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Government 2.0 is neologism for attempts to apply the social networking and integration advantages of Web 2.0 to the practice of government. William (Bill) Eggers claims to have coined the term in his 2005 book, Government 2.0: Using Technology to Improve Education, Cut Red Tape, Reduce Gridlock, and Enhance Democracy. Government 2.0 is an attempt to provide more effective processes for government service delivery to individuals and businesses. Integration of tools such as wikis, development of government-specific social networking sites and the use of blogs, RSS feeds and Google Maps are all helping governments provide information to people in a manner that is more immediately useful to the people concerned.
A number of efforts have been made to expose data gathered by government sources in ways that make it available for mashups.
Public information in Canada is the subject of the Access to Information Act. VisibleGovernment.ca is a Canadian non-profit that promotes online tools for government transparency. There have been several ChangeCamps in Toronto, Ottawa and Vancouver, with organizers coming together in Edmonton, Halifax, Montreal, drawing many politicians. Toronto Open Data was launched at the Toronto Innovation Showcase forum on November 2, 2009.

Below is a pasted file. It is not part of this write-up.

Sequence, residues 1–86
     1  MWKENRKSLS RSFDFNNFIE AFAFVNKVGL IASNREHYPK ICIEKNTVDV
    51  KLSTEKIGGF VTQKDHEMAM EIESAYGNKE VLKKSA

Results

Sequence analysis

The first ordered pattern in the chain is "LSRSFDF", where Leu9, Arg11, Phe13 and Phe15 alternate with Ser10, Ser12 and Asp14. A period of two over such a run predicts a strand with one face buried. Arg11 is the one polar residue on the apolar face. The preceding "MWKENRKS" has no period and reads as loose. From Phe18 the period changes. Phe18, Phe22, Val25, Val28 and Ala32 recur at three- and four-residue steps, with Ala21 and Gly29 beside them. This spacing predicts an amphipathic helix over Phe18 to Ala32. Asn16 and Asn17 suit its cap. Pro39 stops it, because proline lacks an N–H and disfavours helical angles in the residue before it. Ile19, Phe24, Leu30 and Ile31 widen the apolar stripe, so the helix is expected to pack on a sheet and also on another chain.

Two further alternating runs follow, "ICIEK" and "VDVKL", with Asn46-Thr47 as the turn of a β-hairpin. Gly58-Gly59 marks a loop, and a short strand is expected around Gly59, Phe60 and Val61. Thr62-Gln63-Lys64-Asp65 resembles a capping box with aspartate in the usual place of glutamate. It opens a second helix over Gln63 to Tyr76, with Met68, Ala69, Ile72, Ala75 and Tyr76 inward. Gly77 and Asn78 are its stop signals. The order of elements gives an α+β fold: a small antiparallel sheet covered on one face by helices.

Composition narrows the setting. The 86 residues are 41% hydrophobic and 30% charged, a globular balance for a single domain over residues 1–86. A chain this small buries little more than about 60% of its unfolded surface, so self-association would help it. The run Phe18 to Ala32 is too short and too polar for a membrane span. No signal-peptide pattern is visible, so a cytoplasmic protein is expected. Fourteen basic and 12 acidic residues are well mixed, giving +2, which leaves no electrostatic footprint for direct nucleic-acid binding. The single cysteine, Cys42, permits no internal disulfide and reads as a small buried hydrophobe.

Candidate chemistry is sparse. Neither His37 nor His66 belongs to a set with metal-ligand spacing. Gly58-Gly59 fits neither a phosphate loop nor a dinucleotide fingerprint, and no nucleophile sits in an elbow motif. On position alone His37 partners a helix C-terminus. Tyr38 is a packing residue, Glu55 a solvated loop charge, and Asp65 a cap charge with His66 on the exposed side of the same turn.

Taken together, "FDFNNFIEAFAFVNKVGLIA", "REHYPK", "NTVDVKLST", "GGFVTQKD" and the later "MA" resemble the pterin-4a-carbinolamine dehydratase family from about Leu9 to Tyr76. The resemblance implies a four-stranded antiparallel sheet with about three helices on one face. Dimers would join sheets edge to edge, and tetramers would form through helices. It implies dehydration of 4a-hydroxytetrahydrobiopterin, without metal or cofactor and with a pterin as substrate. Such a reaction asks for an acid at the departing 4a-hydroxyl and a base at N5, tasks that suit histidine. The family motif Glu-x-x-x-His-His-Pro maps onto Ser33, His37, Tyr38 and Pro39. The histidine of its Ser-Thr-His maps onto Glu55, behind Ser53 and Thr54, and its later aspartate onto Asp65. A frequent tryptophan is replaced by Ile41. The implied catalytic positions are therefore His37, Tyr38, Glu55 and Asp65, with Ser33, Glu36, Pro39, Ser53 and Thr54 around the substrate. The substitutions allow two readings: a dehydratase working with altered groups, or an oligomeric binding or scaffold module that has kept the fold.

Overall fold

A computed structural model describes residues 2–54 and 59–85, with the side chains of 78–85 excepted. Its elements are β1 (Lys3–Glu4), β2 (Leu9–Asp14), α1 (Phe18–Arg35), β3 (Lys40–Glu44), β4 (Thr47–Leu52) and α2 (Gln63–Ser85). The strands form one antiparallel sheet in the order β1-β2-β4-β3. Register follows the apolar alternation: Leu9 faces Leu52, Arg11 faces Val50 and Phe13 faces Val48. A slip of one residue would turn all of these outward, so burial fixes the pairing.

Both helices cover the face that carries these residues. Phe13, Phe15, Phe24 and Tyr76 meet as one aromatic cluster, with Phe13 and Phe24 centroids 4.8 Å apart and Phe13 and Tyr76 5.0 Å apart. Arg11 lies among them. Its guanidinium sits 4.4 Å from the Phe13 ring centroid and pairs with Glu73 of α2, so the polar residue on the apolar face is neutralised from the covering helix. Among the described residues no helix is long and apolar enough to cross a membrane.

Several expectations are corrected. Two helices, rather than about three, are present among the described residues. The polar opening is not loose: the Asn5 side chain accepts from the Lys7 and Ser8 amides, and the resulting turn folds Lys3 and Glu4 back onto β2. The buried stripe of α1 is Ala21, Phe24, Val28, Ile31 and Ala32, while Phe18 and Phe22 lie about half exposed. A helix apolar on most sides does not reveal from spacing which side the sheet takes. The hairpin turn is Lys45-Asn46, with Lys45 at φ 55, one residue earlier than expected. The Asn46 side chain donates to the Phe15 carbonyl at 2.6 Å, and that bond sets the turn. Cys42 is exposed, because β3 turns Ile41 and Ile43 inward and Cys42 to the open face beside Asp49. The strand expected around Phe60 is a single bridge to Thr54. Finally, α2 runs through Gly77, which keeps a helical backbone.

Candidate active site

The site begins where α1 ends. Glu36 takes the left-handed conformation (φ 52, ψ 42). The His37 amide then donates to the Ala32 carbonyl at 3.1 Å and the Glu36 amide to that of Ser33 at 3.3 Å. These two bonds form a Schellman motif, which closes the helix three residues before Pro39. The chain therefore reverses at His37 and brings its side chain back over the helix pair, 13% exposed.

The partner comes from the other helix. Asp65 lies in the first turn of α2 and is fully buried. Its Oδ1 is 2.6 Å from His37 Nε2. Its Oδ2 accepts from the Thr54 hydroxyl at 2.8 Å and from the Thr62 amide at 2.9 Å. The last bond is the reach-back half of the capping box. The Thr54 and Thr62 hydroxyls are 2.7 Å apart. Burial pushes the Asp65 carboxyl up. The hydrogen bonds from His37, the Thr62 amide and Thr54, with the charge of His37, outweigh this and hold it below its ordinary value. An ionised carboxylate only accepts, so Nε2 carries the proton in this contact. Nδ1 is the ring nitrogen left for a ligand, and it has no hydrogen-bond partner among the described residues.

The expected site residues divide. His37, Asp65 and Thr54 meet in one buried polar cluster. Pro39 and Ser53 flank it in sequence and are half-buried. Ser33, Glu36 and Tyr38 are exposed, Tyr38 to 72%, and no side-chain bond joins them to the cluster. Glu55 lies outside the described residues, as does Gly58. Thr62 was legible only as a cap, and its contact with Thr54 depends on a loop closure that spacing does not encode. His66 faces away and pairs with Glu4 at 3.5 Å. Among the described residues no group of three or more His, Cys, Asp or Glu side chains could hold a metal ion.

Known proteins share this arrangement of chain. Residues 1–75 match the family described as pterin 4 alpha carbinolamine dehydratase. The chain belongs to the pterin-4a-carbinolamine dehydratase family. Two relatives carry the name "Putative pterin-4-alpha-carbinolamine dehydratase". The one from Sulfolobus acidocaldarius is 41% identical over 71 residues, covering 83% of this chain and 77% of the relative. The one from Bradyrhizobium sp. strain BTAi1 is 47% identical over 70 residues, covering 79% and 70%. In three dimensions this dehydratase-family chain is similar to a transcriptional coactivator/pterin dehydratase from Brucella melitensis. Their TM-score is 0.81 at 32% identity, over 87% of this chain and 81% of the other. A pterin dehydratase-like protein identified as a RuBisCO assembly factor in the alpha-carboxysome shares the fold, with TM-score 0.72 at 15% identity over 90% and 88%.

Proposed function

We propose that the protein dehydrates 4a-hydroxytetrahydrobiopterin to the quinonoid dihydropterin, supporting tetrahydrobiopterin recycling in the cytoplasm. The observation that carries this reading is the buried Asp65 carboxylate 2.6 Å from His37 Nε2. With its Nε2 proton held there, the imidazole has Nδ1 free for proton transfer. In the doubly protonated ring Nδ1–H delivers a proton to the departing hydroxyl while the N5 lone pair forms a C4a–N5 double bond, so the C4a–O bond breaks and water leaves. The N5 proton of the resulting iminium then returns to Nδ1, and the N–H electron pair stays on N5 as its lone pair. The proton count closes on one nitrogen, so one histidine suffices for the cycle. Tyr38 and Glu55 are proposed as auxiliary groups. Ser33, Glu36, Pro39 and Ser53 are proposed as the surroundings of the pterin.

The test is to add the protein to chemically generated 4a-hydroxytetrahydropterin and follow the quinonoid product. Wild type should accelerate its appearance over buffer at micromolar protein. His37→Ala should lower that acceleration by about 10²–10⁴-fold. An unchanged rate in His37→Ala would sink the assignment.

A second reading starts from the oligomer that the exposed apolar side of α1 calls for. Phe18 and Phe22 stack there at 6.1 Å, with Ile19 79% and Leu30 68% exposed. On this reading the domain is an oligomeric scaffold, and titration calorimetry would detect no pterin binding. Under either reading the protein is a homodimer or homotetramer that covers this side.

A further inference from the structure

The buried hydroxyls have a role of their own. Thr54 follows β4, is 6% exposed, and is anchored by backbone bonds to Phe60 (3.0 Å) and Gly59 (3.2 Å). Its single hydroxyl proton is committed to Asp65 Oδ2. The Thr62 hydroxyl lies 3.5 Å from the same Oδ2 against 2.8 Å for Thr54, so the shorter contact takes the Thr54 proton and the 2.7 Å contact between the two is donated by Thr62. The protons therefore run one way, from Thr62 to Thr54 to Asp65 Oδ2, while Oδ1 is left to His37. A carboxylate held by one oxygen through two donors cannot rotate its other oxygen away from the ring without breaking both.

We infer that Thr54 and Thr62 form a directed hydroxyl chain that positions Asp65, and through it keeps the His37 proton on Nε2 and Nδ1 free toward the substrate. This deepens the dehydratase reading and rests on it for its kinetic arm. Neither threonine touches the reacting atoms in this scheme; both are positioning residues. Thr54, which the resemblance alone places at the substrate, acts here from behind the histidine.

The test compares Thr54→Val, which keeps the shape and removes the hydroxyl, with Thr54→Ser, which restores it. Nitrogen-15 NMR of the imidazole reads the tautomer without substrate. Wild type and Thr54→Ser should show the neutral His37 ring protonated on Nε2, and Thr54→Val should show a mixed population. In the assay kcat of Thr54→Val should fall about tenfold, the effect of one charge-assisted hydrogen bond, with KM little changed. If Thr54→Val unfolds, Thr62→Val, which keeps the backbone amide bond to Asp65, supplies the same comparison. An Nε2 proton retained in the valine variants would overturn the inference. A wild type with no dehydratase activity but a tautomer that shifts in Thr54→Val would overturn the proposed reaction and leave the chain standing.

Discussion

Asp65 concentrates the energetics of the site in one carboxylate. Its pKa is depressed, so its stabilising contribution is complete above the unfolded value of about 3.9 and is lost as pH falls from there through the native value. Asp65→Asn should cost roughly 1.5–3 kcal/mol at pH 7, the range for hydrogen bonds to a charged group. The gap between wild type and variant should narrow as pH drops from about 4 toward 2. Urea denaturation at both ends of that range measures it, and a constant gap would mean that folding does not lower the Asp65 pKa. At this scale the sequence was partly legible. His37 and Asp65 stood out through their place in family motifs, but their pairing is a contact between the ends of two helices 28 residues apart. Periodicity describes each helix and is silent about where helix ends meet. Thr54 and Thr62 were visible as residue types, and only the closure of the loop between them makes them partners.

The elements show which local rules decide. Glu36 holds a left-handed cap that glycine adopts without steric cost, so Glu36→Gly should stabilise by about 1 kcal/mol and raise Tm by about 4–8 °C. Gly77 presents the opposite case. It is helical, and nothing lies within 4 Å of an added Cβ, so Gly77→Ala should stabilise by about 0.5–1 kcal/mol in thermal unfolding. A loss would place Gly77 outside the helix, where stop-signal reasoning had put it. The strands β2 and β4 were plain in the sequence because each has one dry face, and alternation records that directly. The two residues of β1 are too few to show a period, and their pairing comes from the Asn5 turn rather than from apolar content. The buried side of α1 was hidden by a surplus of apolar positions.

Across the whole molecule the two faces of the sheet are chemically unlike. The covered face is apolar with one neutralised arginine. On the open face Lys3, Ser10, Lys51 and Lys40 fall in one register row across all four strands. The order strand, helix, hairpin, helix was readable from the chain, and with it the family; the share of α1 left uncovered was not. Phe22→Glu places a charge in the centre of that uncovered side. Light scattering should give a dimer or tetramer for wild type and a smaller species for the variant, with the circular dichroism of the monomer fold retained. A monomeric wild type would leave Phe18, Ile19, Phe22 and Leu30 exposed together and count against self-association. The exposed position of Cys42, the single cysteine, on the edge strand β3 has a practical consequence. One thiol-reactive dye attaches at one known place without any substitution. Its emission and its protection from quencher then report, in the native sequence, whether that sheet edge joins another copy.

In the United States
The election of Barack Obama as President of the United States has become associated with the effective use of Web 2.0 technologies during his campaign, and in the implementation of his new government in 2009.
On January 21, 2009, newly elected President Obama signed one of his first memorandums - the Memorandum for the Heads of Executive Departments and Agencies on Transparency and Open Government In the memo, President Obama called for an unprecedented level of openness in Government, asking agencies to "ensure the public trust and establish a system of transparency, public participation, and collaboration." The memo further "directs the Chief Technology Officer, in coordination with the Director of the Office of Management and Budget (OMB) and the Administrator of General Services (GSA), to coordinate the development by appropriate executive departments and agencies, within 120 days, of recommendations for the Open Government Directive, to be issued by the Director of OMB, that instructs executive departments to take specific actions implementing the principles set forth in the memorandum." Common interpretation of this memorandum is that Obama, whose presidential campaign was heavily influenced by web 2.0 technology, is calling for the utilization of web 2.0 technology across all federal departments and agencies.